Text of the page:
Takata refuses US regulator demand for airbag recall
The Japanese airbag manufacturer Takata has refused a request by the US National Highway Traffic Safety Administration (NHTSA) to expand a recall of cars containing its faulty airbags.
The current recall applies only to cars in high-humidity states.
In a letter to the NHTSA, Takata insisted that was sufficient.
The NHTSA can now fine Takata up to $7,000 (£4,460) per day for each unrecalled car on the road.
The airbags - which can explode with shrapnel - have so far been linked to five deaths, and nearly 14 million cars worldwide have been recalled.
Expanding the recall to include all of the US - as opposed to Florida, Hawaii, Puerto Rico, and other areas associated with high humidity - would add an additional eight million cars to the total.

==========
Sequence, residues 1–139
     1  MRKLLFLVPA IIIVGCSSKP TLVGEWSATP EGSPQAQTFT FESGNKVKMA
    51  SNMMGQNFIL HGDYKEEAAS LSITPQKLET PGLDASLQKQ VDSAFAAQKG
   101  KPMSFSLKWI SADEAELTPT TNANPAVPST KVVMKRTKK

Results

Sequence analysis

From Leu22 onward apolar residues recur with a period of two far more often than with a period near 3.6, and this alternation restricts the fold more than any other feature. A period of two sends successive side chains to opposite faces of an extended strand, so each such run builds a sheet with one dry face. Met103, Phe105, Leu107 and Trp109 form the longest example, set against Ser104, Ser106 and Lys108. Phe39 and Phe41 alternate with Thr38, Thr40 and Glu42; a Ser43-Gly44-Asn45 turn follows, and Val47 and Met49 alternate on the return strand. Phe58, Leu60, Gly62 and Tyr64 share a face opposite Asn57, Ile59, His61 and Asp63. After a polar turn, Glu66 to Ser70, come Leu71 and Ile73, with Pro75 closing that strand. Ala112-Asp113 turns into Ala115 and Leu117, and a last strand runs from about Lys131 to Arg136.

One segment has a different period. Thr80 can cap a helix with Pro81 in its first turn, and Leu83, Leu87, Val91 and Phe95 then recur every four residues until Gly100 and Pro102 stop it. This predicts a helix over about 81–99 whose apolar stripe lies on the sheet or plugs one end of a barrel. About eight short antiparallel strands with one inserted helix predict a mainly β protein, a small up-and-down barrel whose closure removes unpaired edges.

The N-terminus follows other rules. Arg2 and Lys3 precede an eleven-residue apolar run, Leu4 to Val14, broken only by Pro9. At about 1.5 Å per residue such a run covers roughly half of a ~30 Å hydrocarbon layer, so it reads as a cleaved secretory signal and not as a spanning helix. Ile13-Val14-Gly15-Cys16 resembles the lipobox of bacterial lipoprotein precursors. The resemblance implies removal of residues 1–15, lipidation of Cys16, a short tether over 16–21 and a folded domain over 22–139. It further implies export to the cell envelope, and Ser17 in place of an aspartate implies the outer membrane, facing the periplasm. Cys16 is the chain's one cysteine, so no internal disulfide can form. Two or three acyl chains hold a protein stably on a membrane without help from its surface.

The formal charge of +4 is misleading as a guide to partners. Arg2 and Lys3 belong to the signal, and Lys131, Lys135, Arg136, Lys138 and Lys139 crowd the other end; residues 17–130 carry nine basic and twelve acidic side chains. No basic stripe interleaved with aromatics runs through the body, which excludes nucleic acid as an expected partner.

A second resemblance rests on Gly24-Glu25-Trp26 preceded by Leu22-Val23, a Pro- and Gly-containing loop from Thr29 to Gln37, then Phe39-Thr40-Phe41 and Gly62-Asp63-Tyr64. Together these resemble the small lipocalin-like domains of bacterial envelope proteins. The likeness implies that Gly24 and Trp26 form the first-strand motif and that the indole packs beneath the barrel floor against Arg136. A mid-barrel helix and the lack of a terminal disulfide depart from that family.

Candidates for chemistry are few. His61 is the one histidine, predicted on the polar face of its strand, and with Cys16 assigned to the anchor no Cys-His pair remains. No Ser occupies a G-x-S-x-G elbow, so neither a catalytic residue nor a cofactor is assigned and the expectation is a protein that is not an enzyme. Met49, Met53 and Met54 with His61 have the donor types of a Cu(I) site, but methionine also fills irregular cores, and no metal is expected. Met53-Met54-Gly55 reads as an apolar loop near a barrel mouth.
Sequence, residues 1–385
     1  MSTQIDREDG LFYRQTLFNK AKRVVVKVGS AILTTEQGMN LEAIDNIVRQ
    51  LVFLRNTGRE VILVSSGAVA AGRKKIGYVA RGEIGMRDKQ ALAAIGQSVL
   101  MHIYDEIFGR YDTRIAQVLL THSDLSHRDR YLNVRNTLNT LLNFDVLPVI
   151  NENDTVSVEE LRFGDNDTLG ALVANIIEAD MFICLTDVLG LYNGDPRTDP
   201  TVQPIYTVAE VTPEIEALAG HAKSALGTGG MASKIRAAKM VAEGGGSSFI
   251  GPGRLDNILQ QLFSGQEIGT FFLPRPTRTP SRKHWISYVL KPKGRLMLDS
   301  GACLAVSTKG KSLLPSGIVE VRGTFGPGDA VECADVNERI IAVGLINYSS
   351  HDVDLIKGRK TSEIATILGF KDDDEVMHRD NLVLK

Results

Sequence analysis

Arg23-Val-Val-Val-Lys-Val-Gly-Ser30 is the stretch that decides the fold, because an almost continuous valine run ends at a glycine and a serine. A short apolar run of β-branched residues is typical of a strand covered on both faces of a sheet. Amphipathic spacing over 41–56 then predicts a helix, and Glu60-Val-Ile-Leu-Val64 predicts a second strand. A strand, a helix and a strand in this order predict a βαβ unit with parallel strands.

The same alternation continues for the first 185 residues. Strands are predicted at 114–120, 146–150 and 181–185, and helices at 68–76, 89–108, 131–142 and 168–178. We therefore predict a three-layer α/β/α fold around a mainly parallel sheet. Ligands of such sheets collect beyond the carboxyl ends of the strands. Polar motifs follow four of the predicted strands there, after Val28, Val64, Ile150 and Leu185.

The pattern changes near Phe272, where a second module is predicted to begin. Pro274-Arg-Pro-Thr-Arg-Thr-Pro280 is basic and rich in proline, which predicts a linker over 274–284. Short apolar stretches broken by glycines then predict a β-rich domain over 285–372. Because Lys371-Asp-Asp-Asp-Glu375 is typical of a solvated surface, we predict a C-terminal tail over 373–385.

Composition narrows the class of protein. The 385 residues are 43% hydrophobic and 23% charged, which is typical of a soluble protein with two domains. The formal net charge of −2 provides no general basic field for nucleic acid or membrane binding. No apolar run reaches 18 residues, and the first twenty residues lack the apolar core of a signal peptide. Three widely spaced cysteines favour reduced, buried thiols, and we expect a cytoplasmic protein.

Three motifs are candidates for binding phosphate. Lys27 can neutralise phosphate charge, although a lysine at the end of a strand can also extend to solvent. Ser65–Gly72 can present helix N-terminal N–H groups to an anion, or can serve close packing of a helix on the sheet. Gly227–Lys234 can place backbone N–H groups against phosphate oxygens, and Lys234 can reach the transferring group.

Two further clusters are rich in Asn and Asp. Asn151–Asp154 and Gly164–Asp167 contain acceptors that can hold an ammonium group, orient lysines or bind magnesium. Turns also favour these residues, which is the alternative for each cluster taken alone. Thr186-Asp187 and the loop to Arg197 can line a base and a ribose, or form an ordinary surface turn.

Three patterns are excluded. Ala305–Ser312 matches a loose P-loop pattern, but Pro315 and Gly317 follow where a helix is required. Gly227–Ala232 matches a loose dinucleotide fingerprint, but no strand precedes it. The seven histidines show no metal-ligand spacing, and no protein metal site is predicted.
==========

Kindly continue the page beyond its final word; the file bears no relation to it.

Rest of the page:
At a hearing in the House of Representatives in Washington, DC, Takata executives defended their decision not to do a nationwide recall, even as lawmakers asked the manufacturer if it could yet determine exactly what was behind the faulty airbags.
Hiroshi Shimizu, Takata's senior vice president for global quality assurance, testified that Takata's data "doesn't support a change from regional recall to national recall.".
In its letter to the NHTSA, Takata said that the US regulator did not have oversight over Takata, as a car parts supplier.
Rather, the NHTSA only had oversight over the car manufacturers.
Honda - the company most affected by the recalls - said at the hearing that it would voluntarily expand its recall to include all 50 US states.
"We believe our customers have concerns and we want to satisfy our customers," said Rick Schostek, a Honda executive who testified at the hearing.
Details of cars affected can be found on the NHTSA website.